Master classes are common teaching forums throughout all stages of music education. The tradition of bringing the world’s best musicians to Oberlin to lead master classes is particularly rich.

Each year, Oberlin Conservatory presents dozens of master classes covering a comprehensive variety of instruments and genres. Every class is distinct and influenced by the personality of the expert giving it. While master classes are of obvious interest to specific musicians aligning with the master teacher’s expertise, sessions are open to all students and the public.

Master classes typically involve three or four student performers selected in advance to individually perform a prepared piece before an audience and the master teacher. The teacher leads the student in a concentrated public coaching, allowing the student to try new approaches, often with audible results.

Masters themselves have generally achieved significant success. Those enjoying a vibrant performance career also may be distinguished pedagogues; others with less teaching experience can offer invaluable insight into the life of a performing artist, as well as a great model to emulate onstage.

Since these coaching sessions are much shorter than an actual lesson, master teachers focus on only one or two very specific aspects of each performance. A master class creates conditions where breakthroughs can happen, and when they do it’s exciting for everyone—the student, the audience, and, of course, the teacher.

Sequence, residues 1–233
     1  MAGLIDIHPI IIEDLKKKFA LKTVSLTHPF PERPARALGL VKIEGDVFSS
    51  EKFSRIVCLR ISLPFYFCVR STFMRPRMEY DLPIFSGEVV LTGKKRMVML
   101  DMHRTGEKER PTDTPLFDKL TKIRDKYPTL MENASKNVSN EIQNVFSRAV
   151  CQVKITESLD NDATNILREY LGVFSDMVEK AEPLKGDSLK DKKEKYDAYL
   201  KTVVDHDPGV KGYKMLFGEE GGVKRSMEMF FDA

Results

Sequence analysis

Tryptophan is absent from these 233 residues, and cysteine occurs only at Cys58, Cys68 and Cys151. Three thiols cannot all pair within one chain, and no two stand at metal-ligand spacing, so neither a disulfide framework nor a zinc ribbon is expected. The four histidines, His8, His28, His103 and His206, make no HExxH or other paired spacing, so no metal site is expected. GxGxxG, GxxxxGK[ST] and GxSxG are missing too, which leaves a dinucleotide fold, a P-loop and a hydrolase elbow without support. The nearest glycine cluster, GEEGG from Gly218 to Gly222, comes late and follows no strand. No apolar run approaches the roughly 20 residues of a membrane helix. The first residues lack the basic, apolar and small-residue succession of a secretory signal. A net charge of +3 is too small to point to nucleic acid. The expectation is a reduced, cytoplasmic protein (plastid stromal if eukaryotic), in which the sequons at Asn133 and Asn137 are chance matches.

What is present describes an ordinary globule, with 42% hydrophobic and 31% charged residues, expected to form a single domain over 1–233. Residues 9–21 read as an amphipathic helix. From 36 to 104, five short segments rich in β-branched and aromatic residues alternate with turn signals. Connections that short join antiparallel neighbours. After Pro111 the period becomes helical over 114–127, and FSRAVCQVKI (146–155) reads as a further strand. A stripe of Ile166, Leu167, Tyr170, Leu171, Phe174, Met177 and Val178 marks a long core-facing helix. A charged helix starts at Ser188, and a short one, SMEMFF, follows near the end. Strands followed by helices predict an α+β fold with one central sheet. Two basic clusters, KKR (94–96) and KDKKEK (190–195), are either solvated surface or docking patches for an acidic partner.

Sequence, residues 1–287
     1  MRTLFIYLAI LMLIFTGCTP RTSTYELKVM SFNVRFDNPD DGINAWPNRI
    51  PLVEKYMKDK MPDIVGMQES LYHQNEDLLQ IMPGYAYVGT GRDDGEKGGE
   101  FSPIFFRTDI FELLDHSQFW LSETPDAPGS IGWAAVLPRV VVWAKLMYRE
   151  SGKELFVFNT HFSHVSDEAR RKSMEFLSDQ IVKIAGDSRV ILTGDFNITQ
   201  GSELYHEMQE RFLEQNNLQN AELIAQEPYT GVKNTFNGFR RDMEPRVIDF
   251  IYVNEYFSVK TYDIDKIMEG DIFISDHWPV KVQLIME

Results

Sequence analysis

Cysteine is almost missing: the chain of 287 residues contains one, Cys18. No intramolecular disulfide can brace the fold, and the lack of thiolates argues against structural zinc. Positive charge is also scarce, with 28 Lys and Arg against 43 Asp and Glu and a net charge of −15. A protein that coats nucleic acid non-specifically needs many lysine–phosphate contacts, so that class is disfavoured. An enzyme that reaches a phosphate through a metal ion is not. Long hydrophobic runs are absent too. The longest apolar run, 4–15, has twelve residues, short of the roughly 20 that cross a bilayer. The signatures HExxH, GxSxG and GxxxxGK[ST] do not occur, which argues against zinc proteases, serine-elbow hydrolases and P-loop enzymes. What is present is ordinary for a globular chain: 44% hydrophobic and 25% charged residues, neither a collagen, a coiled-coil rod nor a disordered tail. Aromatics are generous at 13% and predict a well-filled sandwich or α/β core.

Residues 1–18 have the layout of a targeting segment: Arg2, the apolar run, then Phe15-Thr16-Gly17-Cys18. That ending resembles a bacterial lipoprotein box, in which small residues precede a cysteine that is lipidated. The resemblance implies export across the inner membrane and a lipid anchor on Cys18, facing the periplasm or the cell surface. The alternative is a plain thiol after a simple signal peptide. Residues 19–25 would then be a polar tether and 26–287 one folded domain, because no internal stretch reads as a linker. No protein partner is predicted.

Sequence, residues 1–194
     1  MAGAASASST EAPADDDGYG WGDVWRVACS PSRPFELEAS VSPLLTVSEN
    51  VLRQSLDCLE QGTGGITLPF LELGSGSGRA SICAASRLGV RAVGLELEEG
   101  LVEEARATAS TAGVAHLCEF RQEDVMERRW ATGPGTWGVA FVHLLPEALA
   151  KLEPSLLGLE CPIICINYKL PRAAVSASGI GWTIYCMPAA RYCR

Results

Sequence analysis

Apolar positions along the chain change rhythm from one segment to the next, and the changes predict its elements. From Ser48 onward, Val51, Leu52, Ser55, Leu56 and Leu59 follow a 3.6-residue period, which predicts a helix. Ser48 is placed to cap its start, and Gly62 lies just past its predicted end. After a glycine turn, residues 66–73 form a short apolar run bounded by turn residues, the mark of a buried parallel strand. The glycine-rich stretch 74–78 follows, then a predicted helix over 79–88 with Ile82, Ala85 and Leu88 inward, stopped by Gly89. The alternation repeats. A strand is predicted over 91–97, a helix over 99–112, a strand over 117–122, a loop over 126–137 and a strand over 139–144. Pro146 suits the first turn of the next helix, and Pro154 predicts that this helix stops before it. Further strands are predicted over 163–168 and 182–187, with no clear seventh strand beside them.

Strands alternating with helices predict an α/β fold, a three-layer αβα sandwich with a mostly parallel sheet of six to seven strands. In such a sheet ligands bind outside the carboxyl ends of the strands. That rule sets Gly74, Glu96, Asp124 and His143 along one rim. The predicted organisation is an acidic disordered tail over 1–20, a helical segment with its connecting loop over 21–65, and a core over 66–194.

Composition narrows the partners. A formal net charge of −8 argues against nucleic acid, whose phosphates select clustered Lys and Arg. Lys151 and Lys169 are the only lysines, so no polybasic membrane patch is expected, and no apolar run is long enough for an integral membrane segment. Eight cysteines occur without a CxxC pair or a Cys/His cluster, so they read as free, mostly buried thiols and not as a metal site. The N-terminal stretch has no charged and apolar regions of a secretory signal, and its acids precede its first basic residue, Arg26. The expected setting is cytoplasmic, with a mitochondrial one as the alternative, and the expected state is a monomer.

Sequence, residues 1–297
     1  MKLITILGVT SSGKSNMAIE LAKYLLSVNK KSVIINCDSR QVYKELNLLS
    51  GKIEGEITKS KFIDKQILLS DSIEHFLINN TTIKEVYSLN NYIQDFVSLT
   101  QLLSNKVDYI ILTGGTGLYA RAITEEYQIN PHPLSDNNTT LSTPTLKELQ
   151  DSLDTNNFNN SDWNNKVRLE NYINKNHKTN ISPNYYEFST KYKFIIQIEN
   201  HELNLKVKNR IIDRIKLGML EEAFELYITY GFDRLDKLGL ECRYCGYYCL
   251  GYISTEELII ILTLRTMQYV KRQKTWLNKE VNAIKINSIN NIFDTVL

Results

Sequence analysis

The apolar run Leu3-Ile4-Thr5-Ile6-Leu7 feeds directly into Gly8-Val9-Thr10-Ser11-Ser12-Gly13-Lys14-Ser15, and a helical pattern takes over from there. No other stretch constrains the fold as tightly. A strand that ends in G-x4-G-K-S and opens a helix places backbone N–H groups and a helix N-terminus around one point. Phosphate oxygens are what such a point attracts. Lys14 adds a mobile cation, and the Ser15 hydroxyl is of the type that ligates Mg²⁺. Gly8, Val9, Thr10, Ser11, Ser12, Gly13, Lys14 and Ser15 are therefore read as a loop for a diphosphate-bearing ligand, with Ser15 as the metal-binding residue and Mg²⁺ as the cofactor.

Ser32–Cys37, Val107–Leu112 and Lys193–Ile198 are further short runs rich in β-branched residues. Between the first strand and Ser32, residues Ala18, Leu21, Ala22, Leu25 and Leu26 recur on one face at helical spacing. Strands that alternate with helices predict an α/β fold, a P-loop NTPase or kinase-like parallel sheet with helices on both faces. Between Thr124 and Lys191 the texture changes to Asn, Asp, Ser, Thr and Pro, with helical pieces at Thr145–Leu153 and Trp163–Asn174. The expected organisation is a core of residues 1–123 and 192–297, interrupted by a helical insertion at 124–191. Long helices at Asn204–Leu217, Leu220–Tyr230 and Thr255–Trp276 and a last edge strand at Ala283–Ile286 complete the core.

For audiences, these classes are informative and inspiring. The master often engages the audience by explaining things they may know little about—the intricacies of that particular instrument or voice, often bringing context to the repertoire. Students also bring different ideas and issues to the stage and, combined with the teacher, help create an experience in which the audience can share.

In recent years, Oberlin has featured master classes by such extraordinary performers as Leon Fleisher, Christian Tetzlaff, Eric Owens, Terence Blanchard, Thomas Stacy, Anthony McGill, Billy Childs, Steven Isserlis, John Clayton, Davitt Moroney, Tessa Lark, William Naboré, the Punch Brothers, and the Calder Quartet. The conservatory welcomes opera great Marilyn Horne each year for a weeklong residency and master classes made possible by philanthropist Stephen Rubin.

Want to observe a master class? Refer to the Oberlin College events calendar  for the next opportunity.